“But, what about Mary Kay? Edwina’s was more noticeable. But Mary Kay’s mistreatment was subtle. I think it’s harder to recognize and then do something about.”
“I thought Mary Kay was afraid?”
“Of being alone.” Sally announced. “We convince ourselves to look the other way, so we don’t have to acknowledge the bad treatment.”
I found myself barging in with my words, an idea in my head. Perhaps from experience. “If we acknowledge the bad treatment, then we have to do something about it.”
“Better to pretend it’s not there, than have to make a choice.” Jill participated with a sniff.
Marcia pushed back a little. “But is it really better?”
Bethany leaned forward; her eyes ablaze. “Mary Kay was in a romantic relationship. This can also apply to friendships or work relationships.”
The group nodded their heads in unison. A hush settled over the room; each woman wound with her memories of times each had allowed herself to remain in a detrimental relationship.
Allie made our thoughts real, for all to see. “I’ve done this before. Allowed someone to ignore the value I brought to them. I had a female friend. We’d grown up together. Went our separate ways for college, but then came back together with jobs in the same city.” She looked around the room. “Not this city.”
A collective sigh escaped all our lips. I sensed no one wanted to be part of Allie’s unfortunate memories. We all leaned forward, eager to hear more of her reveal.
But Allie didn’t oblige us. Just nibbled on her asparagus, then popped a fudge-covered cherry in her mouth.
Jill voiced our thoughts. “What happened? What had she done?”
Allie smiled with only her lips. Her eyes clouded over, not from tears but from secrecy. “Oh gosh. A story for another time.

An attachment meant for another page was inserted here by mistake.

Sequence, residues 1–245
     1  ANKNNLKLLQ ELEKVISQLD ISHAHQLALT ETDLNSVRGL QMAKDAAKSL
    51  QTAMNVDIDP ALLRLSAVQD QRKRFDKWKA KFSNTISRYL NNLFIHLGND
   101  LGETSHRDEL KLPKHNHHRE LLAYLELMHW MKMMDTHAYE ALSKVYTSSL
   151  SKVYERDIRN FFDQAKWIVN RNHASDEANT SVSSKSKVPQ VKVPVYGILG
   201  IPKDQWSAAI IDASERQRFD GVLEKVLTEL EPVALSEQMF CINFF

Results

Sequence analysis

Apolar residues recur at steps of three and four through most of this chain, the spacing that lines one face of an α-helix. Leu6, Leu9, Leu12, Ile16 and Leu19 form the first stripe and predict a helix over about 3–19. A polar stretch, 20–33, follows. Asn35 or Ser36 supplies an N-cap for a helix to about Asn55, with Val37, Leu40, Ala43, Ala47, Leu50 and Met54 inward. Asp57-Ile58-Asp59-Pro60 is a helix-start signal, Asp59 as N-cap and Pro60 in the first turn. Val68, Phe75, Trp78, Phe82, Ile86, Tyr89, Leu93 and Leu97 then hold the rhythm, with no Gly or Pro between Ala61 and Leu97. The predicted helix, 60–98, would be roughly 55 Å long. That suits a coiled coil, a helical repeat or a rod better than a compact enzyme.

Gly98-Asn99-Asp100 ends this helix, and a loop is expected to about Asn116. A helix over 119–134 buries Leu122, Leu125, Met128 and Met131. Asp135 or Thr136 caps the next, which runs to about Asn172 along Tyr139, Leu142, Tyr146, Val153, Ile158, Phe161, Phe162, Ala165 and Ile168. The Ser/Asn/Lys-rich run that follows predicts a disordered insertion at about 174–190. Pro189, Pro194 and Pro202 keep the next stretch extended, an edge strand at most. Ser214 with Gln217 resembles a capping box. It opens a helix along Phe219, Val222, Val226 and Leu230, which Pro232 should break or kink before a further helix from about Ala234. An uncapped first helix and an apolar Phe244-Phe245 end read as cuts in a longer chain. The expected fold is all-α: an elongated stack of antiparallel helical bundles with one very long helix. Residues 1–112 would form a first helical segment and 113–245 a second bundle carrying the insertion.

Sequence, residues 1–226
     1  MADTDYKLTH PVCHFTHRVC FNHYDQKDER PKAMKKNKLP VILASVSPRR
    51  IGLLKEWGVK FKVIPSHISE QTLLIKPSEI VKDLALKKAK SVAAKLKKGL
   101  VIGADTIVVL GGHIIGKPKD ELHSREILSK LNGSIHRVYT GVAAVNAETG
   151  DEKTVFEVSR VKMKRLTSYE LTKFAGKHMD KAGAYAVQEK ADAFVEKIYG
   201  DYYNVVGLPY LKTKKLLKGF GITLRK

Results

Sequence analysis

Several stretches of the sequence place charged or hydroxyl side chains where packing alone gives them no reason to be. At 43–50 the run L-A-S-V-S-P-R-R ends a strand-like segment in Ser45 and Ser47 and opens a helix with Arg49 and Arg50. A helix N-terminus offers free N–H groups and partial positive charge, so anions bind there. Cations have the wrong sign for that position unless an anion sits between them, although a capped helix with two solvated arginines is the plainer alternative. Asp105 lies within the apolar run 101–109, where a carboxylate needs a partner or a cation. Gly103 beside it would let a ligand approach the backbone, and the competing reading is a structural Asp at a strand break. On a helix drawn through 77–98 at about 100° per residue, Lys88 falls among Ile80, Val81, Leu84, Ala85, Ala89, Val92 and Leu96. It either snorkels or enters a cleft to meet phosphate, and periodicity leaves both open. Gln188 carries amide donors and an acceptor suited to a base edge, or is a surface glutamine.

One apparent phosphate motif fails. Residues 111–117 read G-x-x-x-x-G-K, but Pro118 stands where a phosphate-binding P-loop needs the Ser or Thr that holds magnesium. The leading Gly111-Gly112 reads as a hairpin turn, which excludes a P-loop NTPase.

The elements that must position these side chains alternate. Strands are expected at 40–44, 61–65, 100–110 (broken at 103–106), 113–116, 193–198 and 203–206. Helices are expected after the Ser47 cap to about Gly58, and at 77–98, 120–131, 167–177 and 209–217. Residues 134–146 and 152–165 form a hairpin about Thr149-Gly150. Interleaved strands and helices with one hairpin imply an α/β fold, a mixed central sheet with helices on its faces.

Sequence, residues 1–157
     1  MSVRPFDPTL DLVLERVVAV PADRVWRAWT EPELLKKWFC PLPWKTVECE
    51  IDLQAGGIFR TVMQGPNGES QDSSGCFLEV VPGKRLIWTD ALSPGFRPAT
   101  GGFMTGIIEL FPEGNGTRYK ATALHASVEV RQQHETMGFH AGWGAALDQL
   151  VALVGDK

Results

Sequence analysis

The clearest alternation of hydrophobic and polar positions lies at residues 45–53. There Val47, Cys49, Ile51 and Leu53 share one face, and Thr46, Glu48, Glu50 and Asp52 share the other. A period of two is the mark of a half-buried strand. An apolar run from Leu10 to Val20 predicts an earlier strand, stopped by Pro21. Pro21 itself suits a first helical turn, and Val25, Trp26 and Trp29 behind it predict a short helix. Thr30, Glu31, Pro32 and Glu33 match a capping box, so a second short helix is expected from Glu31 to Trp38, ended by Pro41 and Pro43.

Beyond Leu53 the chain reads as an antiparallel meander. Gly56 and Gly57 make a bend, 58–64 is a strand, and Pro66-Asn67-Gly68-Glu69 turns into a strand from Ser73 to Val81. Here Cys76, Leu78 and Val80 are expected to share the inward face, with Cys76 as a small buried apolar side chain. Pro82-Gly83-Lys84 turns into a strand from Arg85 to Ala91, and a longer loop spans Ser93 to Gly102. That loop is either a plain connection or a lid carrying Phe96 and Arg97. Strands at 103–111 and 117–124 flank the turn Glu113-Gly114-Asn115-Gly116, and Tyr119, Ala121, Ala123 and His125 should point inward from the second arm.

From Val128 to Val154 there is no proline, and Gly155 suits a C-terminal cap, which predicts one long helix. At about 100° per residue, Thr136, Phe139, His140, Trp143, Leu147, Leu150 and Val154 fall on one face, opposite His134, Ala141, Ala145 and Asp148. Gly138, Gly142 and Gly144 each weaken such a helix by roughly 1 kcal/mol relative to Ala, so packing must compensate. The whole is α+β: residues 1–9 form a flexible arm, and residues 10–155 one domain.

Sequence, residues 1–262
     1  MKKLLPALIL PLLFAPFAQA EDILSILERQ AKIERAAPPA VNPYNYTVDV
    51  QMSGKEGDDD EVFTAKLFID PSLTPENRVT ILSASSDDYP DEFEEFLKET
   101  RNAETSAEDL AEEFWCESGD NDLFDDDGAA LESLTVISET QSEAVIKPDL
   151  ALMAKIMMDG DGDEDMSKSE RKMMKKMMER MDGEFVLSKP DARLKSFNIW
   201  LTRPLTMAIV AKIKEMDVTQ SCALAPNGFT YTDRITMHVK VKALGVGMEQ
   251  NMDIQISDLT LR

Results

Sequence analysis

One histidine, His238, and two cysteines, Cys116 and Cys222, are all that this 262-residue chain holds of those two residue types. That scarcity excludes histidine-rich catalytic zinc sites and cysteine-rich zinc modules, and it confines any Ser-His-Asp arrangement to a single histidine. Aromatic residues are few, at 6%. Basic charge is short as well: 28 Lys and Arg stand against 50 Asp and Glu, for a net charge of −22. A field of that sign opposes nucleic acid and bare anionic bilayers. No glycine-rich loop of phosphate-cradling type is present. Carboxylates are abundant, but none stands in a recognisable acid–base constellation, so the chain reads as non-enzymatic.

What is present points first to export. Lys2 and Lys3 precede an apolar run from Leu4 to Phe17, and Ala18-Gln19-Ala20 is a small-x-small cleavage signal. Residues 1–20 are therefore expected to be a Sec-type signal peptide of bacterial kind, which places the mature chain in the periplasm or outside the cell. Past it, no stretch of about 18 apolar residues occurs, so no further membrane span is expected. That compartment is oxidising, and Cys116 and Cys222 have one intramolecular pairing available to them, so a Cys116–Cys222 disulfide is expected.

The silence settled over all of us, magpies quieted. Tongues were held, as brains were engaged. By the scrunches in their shoulders, I could tell each woman was revisiting the memory which had banged on her heart’s door, only a few minutes before. From the strain in their faces, it didn’t seem to be a caller they wanted to welcome in but were doing it anyway.
The following book club brought us closer to spring. Our moods were jovial. Conversations bounced. Women were clustered in small groups yet inviting to anyone who wanted a piece of the conversation. I glanced at these women who had, surprisingly, become my friends.
Jill announced, “This Thursday, I unveil the clothes I’ve brought into the store for spring.” She flicked her fingers. “You will love the colors. Pastels, yet they won’t wash out anyone’s face. I’ll give each of you 35% off your purchase.”
“Jill, thanks. How nice of you.” Marcia spoke up. “I’ve got something for each of you.” She rustled through a box and brought forth six individual fuchsia bags. “There’s a new artist I’ve really gotten into. Combination of blues and rock. I thought you’d like it, so I got each one of you a CD.”
Bethany and Kendra looked at each other, then burst into giggles. Kendra said, “You tell them Bethany.”
Bethany obliged. “Kendra and I have been working together to create a money management class for people going through different phases in their lives.”
Kendra continued, “There’s something for everyone, with the tenant being we are responsible for the money choices we make. It’s a series of classes, geared toward education and financial support.”
“There’s a cost for the class, but we have certificates for the five of you to be participants in our first series…free of charge.” Bethany finished the announcement and beamed.